Regulatory Flexibility Act Certification

The Secretary certifies that these final regulations will not have significant economic impact on a substantial number of small entities. The small entities affected will be small LEAs. The regulations will benefit the small entities affected by clarifying the statutory requirements and reducing the possibility of audit exceptions. By ensuring consistency, the regulations will promote more effective and efficient program administration.

Paperwork Reduction Act of 1995

These final regulations do not contain any information collection requirements.

Intergovernmental Review

This program is subject to the requirements of Executive Order 12372 and the regulations in 34 CFR part 79. The objective of the Executive order is to foster an intergovernmental partnership and a strengthened federalism by relying on processes developed by State and local governments for coordination and review of proposed Federal financial assistance.

In accordance with the order, we intend this document to provide early notification of our specific plans and actions for this program.

Federalism

Executive Order 13132 requires us to ensure meaningful and timely input by State and local elected officials in the development of regulatory policies that have federalism implications. “Federalism implications” means substantial direct effects on the States, on the relationship between the National Government and the States, or on the distribution of power and responsibilities among the various levels of government.

Since these regulations relate solely to implementation of the statutory 20 percent rule, we do not believe these regulations have federalism implications as defined in Executive Order 13132. In addition, these regulations do not preempt State law. Accordingly, the Secretary has determined that these final regulations do not contain policies that have federalism implications or that preempt State law.

Assessment of Educational Impact

In the NPRM, we requested comments on whether the proposed regulations would require transmission of information that any other agency or authority of the United States gathers or makes available.

Based on the response to the NPRM and on our review, we have determined that these final regulations do not require transmission of information that any other agency or authority of the United States gathers or makes available.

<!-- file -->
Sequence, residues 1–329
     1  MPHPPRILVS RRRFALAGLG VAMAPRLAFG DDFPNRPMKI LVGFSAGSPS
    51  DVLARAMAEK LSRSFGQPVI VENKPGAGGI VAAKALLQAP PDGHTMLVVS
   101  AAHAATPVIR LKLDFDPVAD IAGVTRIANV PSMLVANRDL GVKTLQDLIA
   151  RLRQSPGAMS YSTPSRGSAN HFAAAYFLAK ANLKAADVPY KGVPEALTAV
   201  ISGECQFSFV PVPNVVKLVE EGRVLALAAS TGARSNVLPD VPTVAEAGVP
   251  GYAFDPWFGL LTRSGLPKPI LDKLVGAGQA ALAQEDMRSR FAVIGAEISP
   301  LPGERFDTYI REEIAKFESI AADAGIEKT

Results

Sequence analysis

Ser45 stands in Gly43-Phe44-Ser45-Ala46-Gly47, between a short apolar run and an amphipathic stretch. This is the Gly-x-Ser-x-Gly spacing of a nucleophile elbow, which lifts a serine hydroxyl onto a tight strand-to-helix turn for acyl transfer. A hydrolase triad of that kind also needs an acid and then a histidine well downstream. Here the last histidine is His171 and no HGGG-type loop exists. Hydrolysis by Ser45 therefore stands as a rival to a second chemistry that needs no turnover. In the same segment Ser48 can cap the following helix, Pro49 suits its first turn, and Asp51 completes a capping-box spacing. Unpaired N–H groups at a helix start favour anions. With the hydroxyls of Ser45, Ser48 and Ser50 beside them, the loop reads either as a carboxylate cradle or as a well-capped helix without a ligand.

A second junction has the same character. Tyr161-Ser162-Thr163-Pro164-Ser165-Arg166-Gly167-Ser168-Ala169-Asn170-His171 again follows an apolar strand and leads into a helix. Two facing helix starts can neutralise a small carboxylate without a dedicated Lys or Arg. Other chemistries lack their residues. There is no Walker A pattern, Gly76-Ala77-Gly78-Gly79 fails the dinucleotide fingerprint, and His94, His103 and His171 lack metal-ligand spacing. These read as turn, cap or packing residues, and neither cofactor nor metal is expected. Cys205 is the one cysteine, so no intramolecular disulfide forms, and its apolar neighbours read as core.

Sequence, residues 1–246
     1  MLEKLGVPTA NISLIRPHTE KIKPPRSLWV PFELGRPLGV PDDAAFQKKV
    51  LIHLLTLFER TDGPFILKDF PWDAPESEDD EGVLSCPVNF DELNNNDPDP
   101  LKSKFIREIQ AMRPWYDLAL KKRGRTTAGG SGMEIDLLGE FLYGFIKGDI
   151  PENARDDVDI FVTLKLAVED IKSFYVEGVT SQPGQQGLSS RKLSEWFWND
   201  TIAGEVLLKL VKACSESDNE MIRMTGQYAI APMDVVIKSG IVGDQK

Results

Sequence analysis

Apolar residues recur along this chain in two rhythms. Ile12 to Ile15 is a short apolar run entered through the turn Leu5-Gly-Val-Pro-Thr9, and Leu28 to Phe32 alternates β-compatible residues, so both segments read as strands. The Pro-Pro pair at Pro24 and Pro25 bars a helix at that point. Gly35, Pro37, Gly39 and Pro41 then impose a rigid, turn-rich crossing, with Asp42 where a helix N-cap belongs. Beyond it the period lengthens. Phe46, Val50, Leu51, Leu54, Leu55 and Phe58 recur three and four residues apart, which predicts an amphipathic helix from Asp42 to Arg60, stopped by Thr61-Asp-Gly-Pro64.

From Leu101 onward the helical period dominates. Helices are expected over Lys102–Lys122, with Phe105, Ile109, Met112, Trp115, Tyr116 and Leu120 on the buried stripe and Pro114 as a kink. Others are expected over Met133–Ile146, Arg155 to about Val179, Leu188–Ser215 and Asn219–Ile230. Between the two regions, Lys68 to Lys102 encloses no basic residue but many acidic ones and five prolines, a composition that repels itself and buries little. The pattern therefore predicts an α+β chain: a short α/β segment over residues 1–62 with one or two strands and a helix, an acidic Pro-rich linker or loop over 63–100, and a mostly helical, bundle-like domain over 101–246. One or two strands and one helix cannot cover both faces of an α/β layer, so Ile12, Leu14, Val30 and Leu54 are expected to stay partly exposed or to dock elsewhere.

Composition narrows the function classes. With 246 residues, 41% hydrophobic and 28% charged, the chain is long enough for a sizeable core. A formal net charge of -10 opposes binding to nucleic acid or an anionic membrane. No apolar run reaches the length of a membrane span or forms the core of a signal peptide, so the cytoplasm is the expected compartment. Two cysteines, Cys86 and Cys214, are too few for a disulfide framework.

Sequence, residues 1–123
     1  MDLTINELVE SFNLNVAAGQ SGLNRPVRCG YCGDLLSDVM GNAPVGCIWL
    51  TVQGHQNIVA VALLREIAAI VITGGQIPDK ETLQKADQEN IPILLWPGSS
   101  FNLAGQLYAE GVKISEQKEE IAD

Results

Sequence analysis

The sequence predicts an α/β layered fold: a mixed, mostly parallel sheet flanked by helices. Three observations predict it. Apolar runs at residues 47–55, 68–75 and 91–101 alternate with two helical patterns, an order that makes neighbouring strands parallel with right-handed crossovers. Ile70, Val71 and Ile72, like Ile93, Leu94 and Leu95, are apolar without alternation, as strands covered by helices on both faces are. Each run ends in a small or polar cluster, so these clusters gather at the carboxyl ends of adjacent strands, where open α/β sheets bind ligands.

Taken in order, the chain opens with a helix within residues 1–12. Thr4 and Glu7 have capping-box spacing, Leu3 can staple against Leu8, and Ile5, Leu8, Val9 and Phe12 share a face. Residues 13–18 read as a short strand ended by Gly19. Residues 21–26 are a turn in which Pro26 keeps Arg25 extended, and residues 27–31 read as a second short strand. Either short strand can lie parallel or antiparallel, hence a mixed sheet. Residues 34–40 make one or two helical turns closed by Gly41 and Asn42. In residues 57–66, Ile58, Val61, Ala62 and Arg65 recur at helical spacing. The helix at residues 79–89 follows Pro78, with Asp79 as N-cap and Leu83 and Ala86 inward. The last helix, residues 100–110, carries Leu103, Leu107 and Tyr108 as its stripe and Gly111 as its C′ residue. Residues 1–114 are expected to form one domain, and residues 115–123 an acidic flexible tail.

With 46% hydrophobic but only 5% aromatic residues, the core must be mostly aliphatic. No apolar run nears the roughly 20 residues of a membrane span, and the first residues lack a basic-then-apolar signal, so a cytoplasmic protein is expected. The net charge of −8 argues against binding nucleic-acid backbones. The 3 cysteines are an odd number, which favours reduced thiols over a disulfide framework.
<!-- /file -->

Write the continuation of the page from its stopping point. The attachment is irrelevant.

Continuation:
Electronic Access to this Document

You may view this document, as well as all other Department of Education documents published in the Federal Register, in text or Adobe Portable Document Format (PDF) on the Internet at either of the following sites:

http://ocfo.ed.gov/​fedreg.htm

http://www.ed.gov/​news.html

To use the PDF you must have Adobe Acrobat Reader Program, which is available free at either of the previous sites. If you have questions about using the PDF, call the U.S. Government Printing Office (GPO), toll free, at 1-800-293-6498; or in the Washington, DC area, at (202) 512-1530.

Note:

The official version of this document is the document published in the Federal Register. Free Internet access to the official edition of the Federal Register and the Code of Federal Regulations is available on GPO Access at:

http://www.access.gpo.gov/​nara/​index.html

(Catalog of Federal Domestic Assistance Number: 84.027 Assistance to States for the Education of Children with Disabilities)

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List of Subjects

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Dated: December 12, 2000.

Richard W. Riley,

Secretary of Education.

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For the reasons described in the preamble, the Secretary amends title 34, part 300, of the Code of Federal Regulations as follows:

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PART 300—ASSISTANCE TO STATES FOR THE EDUCATION OF CHILDREN WITH DISABILITIES PROGRAM

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1. The authority citation for part 300 continues to read as follows:

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Authority: 20 U.S.C. 1411—1420, unless otherwise noted.

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2. Section 300.233 is amended by revising paragraph (a)(1), and by adding a new paragraph (a)(3), to read as follows:

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Treatment of Federal funds in certain fiscal years.

(a)(1) Subject to paragraphs (a)(2), (a)(3), and (b) of this section, for any fiscal year for which amounts appropriated to carry out section 611 of the Act exceed $4.1 billion, an LEA may treat as local funds up to 20 percent of the amount of funds it is eligible to receive under § 300.712 from that appropriation that exceeds the amount from funds appropriated for the previous fiscal year that the LEA was eligible to receive under § 300.712.

* * * * *

(3) For purposes of this section: